Joined: 12 Aug 2006 03:05

Postby Alex H. » 02 Mar 2008 05:54

Just another thought, Meyer's rapier footwork is entirely right foot forward but I find a deep passing step in the Zufechten to work well, then work your way round the opponent using the footwork scheme in "F" before the Abzug. Note, this is not cannonical Meyer. It also gives you the time to convert your first cut or thrust which I've found a lunge does not always afford. Especially Meyer's lunge which is essentially only a foot or two long.

There is a similar sort of movement in the staff. From the near guard if you pass forward you can easily assume either High, Rudder or any of the Low Guards. But the staff footwork scheme in "B" doesn't illustrate this either. It does however follow on naturally from similar passing steps in longsword and dussack in which we see both right and left foot forward.

Longsword doesn't have anything like a footwork scheme and the discussion of the footwork could be clearer however dussack "K" may be a footwork diagram.

Just an observation you may wish to play around with.

Another one is grip. I don't see a clear indication anywhere of Meyer slipping his finger over the quillion. There are some pictures where he may have his thumb on the flat of the blade, in others he quite clearly has a fist grip like the illustration of iron-gate in "C" and there is also the figure illustrating low left who has his thumb over the quillion but not on the blade. The description of plow does however include the very clear description;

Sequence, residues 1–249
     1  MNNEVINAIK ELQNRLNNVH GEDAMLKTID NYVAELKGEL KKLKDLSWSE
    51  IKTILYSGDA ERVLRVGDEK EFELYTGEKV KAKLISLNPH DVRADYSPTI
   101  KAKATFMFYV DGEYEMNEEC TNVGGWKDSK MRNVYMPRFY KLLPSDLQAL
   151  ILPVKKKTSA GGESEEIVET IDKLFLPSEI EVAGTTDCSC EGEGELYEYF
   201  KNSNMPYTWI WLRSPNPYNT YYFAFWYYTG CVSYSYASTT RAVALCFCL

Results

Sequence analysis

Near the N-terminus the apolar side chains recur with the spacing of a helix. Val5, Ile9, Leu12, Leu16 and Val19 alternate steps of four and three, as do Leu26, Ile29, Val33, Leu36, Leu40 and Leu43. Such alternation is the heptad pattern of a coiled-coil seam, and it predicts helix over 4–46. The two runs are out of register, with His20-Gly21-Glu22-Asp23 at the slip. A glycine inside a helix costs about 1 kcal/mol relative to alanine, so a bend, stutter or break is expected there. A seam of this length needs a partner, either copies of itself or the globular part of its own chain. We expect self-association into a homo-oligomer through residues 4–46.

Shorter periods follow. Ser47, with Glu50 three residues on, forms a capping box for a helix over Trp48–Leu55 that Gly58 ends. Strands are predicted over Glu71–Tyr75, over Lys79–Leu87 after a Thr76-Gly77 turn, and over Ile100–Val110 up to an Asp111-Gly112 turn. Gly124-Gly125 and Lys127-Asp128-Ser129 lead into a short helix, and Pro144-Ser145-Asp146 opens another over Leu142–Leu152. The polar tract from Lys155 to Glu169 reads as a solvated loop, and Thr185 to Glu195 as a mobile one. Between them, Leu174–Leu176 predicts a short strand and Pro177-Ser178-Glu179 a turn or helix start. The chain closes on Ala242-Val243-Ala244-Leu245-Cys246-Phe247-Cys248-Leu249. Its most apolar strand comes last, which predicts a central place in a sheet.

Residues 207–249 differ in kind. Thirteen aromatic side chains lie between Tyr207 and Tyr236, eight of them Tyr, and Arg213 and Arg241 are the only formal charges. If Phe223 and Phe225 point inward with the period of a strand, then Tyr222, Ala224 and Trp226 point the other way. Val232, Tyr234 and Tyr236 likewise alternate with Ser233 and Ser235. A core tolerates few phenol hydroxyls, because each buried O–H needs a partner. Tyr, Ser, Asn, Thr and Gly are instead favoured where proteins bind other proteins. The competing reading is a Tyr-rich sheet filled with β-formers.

"...such that in holding the weapon your thumb extends over the quillions onto the flat of the blade..." 2.54v/177.

The devices executed from Plow (IMO) need the thumb on the flat to properly control the blade yet the very first winds up into Ochs. So are you supposed to have the thumb on the back of the blade most of the time or not? I find it very convenient for left ochs, snapping, schielhau (cf longsword plate G) and find that when I take low left it naturally moves to a position not too dissimilar from that illustrated. It does raise the question of snapping edge alignment. When you take out with the short edge and swing around to left ochs do you strike with the short edge or long? I find short easier, which looks a lot like a Zwerchau, which Meyer doesn' t specifically mention in the rapier section, although he does make use of Zwerch's cousin, the Schiel.

There's some thoughts for you anyway.

Alex H.
Posts: 103
Joined: 12 Aug 2006 03:05

Postby Runolfr » 26 Mar 2008 19:07

Is there a good translation of Meyer into English available on the internet somewhere?
"A good guard and distance are the main and principal points of all."
-- Joseph Swetnam, The Schoole of the Noble and Worthy Science of Defence
Posts: 12
Joined: 26 Mar 2008 14:19
Location: Nashville, TN, USA

Postby M.Hampel » 26 Mar 2008 22:46

Stefan held a workshop this year at Dreynschlag. Some pictures can be found here.

I don't think I have seen any good translation, but as far as I know Stefan holds his workshop on Rappier every year at least once at ISMAC. Maybe someone of the ISMAC participants can help you, seems they are pretty interested.

Or maybe you better get in direct contact with him.
User avatar
Posts: 27
Joined: 25 Mar 2008 22:04
Location: Hamburg, Germany

Postby Kim Young » 27 Mar 2008 00:11

Stefan did a Meyer rapier class at this year's SWASH, too. I think some of the Roma guys were there.

"sofft and ffayre ynogh!"
User avatar
Kim Young
Posts: 1772
Joined: 15 Mar 2006 09:15
Location: Aberdeen, Scotland

Postby Nikos » 27 Mar 2008 01:06

M.Hampel wrote:Stefan held a workshop this year at Dreynschlag. Some pictures .

Yeh we know, me and the dude where in it :)
Nick Thomas - Instructor
Academy of Historical Fencing

"When a man is challenged to the field, he is to answer by weapons and not words" Saviolo, 1595.
User avatar
Posts: 3166
Joined: 28 Sep 2006 12:10
Location: South Wales, UK

Return to Johannes Liechtenauer Lineage

Who is online

Users browsing this forum: No registered users and 2 guests